Ten months, 35,000 fines and more than half-a-million-pounds later council SCRAPS 'cash cow' 24/7 Northampton bus lane and camera

This newspaper has reported extensively on the misery the bus lane and its enforcement camera has had on motorists in Northampton - and now the council have listened

By Logan MacLeod
Wednesday, 8th December 2021, 2:23 pm
Updated Thursday, 9th December 2021, 12:08 pm

A controversial 24-hour bus lane and its camera in Northampton that 'set people up to fail' will be scrapped after making the council more than half-a-million pounds over 10 months.

At a cabinet meeting last night (Tuesday), West Northamptonshire Council (WNC) approved the decision to revert the Weedon Road and St James' Road bus lane back to its previous operating hours of 7.30am to 9.30am each day.

The bus lane camera is also set to be moved from its contentious position opposite Westbridge Garage. A new location is yet to be confirmed.

The bus lane and its camera in St James' Road and Weedon Road will be reverted back to its previous operating hours of 7.30am to 9.30am each day

This comes after Chronicle and Echo extensively covered this issue on behalf of unhappy motorists throughout the year.

However, according to council papers the process to change the times to 7.30am to 9.30am will take 'approximately 8 weeks to complete'.

The council has been asked for an exact date of when the new times will come into effect.

Cabinet meeting

The bus lane camera was brought in in by the former Northamptonshire County Council and the now leader of North Northamptonshire Council Jason Smithers back in February.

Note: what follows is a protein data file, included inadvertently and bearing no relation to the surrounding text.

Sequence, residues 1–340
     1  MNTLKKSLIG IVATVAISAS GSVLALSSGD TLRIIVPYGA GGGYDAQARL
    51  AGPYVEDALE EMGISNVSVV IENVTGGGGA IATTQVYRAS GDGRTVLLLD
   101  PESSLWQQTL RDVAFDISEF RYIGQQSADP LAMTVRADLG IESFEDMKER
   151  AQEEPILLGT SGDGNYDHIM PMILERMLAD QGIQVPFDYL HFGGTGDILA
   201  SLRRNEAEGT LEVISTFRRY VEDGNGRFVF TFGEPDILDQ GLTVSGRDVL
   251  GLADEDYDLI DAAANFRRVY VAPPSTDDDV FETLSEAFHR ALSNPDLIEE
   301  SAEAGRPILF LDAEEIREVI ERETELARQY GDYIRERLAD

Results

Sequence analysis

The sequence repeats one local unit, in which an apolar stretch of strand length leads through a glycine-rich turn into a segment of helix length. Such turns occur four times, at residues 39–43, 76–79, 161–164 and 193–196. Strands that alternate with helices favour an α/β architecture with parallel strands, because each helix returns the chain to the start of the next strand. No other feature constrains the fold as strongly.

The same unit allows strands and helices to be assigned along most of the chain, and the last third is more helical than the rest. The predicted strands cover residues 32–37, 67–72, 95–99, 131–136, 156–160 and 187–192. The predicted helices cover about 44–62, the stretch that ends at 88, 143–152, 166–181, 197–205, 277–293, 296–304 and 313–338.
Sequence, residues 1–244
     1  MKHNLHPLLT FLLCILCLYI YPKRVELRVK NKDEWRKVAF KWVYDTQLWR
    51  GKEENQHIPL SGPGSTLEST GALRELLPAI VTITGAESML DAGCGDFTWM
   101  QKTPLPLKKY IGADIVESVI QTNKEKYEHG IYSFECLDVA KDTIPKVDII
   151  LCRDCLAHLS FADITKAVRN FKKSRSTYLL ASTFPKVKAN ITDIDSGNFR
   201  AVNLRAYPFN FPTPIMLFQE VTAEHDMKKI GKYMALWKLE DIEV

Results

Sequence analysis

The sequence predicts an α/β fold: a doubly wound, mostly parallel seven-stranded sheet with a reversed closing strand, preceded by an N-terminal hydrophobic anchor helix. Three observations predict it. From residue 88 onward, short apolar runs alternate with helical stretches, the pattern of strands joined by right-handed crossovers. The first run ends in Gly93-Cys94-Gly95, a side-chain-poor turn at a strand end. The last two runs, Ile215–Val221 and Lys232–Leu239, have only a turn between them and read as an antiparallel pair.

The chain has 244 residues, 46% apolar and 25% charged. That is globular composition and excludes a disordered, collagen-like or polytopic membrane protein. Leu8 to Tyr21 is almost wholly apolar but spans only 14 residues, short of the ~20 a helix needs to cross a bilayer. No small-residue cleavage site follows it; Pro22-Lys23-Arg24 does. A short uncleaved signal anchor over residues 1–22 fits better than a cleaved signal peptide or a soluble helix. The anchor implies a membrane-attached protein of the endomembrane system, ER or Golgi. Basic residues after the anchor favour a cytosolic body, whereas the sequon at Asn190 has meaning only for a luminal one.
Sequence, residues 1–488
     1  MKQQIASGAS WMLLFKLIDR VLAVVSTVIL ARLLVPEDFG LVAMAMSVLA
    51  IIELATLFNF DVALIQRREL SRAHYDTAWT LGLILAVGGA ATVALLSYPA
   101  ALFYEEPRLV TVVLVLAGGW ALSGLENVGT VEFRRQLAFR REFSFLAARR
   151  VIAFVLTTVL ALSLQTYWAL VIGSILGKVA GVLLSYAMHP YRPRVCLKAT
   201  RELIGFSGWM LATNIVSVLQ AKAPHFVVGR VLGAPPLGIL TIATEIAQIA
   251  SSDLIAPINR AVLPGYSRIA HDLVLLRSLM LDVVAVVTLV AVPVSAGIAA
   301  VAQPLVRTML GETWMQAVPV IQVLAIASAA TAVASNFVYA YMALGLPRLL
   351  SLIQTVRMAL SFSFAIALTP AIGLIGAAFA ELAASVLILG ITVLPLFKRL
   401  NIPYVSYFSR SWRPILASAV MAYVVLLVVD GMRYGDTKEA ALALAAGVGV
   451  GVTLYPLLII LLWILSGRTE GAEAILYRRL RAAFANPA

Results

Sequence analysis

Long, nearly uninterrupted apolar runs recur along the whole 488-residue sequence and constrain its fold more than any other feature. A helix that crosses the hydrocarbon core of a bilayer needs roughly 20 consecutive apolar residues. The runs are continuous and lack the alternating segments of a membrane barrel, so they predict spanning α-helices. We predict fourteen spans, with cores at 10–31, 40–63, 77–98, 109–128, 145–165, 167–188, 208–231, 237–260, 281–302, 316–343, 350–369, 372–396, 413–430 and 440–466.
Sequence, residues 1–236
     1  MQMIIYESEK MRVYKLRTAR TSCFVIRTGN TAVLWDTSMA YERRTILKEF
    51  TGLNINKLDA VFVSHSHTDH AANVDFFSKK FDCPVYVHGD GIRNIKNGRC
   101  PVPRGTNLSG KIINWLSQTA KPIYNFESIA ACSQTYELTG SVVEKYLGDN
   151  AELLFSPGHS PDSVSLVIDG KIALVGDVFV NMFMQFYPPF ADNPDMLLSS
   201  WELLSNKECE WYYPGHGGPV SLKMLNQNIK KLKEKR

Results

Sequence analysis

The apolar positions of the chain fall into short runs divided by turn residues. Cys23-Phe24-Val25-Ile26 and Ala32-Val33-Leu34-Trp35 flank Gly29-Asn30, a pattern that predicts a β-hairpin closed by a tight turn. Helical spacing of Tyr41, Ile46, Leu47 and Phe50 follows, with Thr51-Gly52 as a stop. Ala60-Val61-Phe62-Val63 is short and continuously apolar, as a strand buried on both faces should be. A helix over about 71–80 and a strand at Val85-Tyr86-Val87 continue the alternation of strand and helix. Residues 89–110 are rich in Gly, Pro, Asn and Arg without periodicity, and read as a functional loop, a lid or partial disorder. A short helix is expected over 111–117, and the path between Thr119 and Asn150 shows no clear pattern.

However, WNC councillor and cabinet member Phil Larratt became responsible for the scheme when the new council formed in April.

Speaking at cabinet last night, councillor Larratt said: "I think bus lanes do have a role to play in making public transport easier and quicker for our residents...but we must find the right balance for all road users.

"Unfortunately, the location of the camera in this particular place created public outcry and we have had to put that right.

"We will be looking at other areas where we can take enforcement action, which is reasonable and measured."

Councillor Julie Davenport criticised WNC at the meeting, saying the local authority was 'relying on residents to break the rules to fund the new council' through bus lane fines.

In response to councillor Davenport, councillor Larratt said: "Please be assured, we do not rely on people breaking the law in order to balance the books of this council. There is a financial implication but it's not something we have not been able to overcome.

"This one was a bit different because it set people up to fail and that will never happen again on my watch, I can tell you that much."

Council leader Jonathan Nunn said he was also concerned with how the bus lane was passed and set up by the former NCC and Jason Smithers.

"I share a little bit of concern too with how this came about, how it all suddenly appeared. We won't do these types of things from now on. Things will be spot on, if there was, indeed, any mistake with that [the bus lane introduction]," councillor Nunn said.

This newspaper has gone to WNC for answers about who approved the bus lane camera in the first place and how many objections were made against the scheme initially and why they were possibly ignored.

Bus lane issues

Some of the main contentions reported to the Chron were:

• Buses in the town do not run 24 hours a day

• The camera was placed in a position where motorists have, for decades, been using the bus lane to undertake traffic turning into Westbridge Garage

• The bus lane caused more traffic than it reduced

• There is only one camera along the 1.5 mile stretch of road, and that is right outside Westbridge Garage

A handful of the stories the Chron has covered include: